Clement E. Falbo (Zimbabwe) | MATHMATICAL MILESTONES


Dr. Clement E. Falbo provides food for thought in an exquisite elucidation of mathematics


Mathematical Milestones is about the historical and worldwide progress of mathematics and its uses over the years, especially in the most recent four centuries. The reader learns of the contributions from the Western World, the Middle East, Asia and other parts of the world. We tell stories about the important work done by the top Mathematicians, both men and women. We show that Mathematics is a branch of the humanities as well as the Sciences; it benefits from growth in other fields, such as business, art and technology. Finally, we reveal that Mathematics suffered its own version of an “uncertainty principle” that mathematics cannot be both consistent and complete, discovered by Kurt Godel in 1931.
Dr. Clement E. Falbo was born and raised in San Antonio, Texas. After serving four years in the U. S. Navy, he enrolled in the University of Texas at Austin, where he earned his Ph.D. in Mathematics under the supervision of Dr. H. J. Ettlinger. Not only that, but he is also a Professor Emeritus at Sonoma State University, where he taught mathematics for thirty-five years.

Clement Falbo Zimbabwe

Upon his retirement in 1999, he and his wife, Jean Ann Falbo, served in the U. S. Peace Corps in the African Nation of Zimbabwe. Together they taught high school students’ mathematics and science.

They now live in Joseph, Oregon. Dr. Falbo is the author of three mathematical textbooks and several mathematical articles. He has three sons, six grandchildren, and five great-grandchildren.

There is a sense in which mathematics can be defined as a house with a library of collected problems, solved and unsolved. In addition, this library contains treatises on formulas and methods that might be worth applying to future problems. It also includes alcoves where visitors can come and sit and try to get insights for attacking problems of their own makings or those found in the library. They can write up their results and keep them secret, as Carl Friedrich Gauss did in the 1800s with some of his work (“Few but ripe” was his motto), or they could put them up on the shelves (publish them) for future visitors. Everyone is welcome to the house of Mathematics.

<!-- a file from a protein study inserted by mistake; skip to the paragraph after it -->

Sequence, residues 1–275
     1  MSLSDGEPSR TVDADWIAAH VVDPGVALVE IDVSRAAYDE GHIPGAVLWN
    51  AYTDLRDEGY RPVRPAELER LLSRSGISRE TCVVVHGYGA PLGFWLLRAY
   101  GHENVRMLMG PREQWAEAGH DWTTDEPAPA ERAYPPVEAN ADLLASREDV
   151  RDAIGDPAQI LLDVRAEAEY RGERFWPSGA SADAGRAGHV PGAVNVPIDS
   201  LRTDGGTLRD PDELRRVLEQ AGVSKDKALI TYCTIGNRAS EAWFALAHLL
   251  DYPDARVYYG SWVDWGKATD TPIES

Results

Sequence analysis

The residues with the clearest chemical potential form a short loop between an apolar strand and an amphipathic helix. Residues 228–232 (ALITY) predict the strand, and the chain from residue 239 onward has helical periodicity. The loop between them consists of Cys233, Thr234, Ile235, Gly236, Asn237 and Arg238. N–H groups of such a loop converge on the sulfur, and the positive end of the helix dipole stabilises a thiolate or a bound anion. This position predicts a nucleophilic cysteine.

“Anyone reading this book will learn something exciting and  novel ways of viewing familiar concepts. Falboís’ short chapter on calculus is lively and entertaining, even including a proof of the fundamental theorem. A unique feature of this book is the way that Clem traces the history of Game Theory and Operations Research from Jiuzhang Suanshu (300 BCE) in China to Seki Kowa (1683 CE) in Japan to Gauss and Jordan in Germany in the 19th Century and all the way to Von Neumann, Morgenstern and Dantzig in the 20th century. His chapters on matrix applications and operations research provide a readily accessible introduction to the powerful Simplex Algorithm. The parts of the book discussing logic and game theory show us where Artificial Intelligence comes from. The book appropriately ends with a chapter, “A Crisis in Mathematics,” relating how Kurt Godel (1931) dashed the hopes of mathematicians to have a discipline that was both complete and consistent,” said Professor Ken Ross of Mathematics Department in The University of Oregon.

The Reading Glass Books will showcase Mathematical Milestones at the London Book Fair, taking place from April 18 to 20, 2023, in Olympia, London. Dr. Falbo’s book will be featured at The Reading Glass Books.




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